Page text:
When we got this blog assignment, the movie that came to mind right away was Wall Street with a young Charlie Sheen and Michael Douglas. Their characters, Gordon Gekko and Bud Fox, exemplify everything about corporate greed that Americans have come to hate. In the movie, Gekko is a Wall Street legend that is famous for making billions of dollars. What the movie shows us, however, is that a majority of his money making was done illegally and unethically. Meanwhile, Bud, who started off as a driven lowly trader, morphed into a miniature Gordon and found himself in lots of trouble with the SEC as well. Even though the film is from the late 1980s, many of its themes apply to the Wall Street that existed before the Great Recession.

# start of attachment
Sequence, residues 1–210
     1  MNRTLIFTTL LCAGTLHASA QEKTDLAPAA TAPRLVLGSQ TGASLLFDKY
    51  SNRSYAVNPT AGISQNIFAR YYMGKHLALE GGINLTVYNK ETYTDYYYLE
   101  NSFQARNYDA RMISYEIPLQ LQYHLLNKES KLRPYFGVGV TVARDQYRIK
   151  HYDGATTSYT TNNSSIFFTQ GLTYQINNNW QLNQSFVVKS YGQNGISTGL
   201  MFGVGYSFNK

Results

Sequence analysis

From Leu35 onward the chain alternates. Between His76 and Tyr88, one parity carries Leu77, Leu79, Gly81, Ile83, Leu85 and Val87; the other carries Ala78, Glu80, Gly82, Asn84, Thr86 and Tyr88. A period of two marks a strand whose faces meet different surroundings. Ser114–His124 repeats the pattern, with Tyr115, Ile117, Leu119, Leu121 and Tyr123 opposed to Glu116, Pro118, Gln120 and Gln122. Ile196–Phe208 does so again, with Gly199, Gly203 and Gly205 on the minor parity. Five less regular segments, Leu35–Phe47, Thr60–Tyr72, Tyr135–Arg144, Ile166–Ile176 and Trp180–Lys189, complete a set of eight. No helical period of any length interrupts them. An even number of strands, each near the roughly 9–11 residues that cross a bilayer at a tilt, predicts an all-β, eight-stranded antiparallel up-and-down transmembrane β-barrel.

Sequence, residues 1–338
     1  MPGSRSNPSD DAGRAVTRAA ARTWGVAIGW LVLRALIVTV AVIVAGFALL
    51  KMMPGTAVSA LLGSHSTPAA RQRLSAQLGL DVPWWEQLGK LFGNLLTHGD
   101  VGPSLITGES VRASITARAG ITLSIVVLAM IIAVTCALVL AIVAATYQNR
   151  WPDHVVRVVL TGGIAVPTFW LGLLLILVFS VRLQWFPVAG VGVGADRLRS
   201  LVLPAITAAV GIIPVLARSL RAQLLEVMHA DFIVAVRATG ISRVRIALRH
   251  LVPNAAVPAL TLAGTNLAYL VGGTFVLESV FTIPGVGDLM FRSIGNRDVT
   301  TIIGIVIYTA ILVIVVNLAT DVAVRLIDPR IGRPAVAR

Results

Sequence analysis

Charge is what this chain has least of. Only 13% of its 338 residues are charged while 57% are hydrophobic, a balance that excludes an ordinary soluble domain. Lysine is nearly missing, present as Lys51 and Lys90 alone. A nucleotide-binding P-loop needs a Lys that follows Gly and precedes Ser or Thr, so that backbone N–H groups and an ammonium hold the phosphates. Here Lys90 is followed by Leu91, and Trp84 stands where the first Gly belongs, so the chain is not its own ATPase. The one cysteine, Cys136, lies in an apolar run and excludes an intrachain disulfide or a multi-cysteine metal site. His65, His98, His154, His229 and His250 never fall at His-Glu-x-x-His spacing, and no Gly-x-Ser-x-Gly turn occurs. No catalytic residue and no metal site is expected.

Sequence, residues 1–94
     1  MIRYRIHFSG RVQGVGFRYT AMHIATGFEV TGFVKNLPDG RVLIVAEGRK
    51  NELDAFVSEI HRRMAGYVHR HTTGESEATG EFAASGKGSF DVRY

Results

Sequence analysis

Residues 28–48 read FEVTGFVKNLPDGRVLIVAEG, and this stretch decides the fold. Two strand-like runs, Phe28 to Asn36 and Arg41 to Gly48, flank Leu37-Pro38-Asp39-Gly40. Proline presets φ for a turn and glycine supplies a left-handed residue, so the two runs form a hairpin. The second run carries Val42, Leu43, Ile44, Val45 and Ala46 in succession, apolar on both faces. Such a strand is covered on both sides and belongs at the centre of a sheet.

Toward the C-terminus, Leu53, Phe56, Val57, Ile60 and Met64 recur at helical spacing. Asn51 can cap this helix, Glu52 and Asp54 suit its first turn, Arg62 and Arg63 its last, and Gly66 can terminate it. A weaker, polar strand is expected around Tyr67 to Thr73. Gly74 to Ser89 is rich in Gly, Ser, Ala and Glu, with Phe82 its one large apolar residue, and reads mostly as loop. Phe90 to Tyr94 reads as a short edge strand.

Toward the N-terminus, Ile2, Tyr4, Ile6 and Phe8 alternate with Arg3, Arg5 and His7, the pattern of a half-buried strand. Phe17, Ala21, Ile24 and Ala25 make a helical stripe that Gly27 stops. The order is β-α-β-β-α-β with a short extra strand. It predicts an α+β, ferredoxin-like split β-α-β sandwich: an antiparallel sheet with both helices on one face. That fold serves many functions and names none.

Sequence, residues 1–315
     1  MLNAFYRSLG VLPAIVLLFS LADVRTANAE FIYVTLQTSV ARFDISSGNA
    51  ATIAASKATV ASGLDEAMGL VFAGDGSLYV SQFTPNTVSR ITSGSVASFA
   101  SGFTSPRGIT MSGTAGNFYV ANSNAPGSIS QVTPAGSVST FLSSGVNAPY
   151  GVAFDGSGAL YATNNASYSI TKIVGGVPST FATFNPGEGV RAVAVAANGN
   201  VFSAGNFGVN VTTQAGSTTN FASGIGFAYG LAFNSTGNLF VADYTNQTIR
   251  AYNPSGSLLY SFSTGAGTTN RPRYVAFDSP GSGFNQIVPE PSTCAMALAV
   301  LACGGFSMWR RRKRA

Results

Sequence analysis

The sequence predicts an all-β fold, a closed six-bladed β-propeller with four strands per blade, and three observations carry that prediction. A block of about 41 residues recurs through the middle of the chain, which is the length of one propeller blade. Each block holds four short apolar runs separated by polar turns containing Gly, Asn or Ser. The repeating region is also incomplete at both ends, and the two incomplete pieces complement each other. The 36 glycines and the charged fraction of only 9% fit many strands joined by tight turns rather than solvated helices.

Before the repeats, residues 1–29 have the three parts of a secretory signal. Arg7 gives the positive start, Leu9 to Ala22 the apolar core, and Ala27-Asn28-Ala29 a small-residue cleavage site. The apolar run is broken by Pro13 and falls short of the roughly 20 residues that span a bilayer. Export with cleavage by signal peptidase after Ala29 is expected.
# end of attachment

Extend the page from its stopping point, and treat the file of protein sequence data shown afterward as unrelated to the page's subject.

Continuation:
This movie demonstrates how greed can get you into trouble and how money making can change a person. This reminds me of our class discussions about the recession and how people’s unethical behavior and significant risk taking can contribute to “bubbles.” Regardless of how much money people like Gordon Gekko make, it is clear that this type of wealth goes to their head. He represents the worst of the worst and some of the reason why the recession occurred. It reminds me of our class discussions because we have frequently discussed the reasons why the bubble burst and recession ensued. I believe that risk takers, like the ones portrayed in this film, do play a huge part in what caused the crash. The fact that someone who behaved so unethically was a Wall Street legend is scary. This film is a perfect representation that ethics play a small role in determining success in the financial sector and how, despite how unethical it is, greed is what makes you successful. As Gordon Gekko once said, “Greed, for lack of a better word, is good. Greed is right. Greed works. Greed clarifies, cuts through, and captures, the essence of the evolutionary spirit.” This money-first approach represents everything that is wrong with our financial sector. This film teaches us that greed, in fact, isn’t good and that you eventually pay the price for behaving unethically.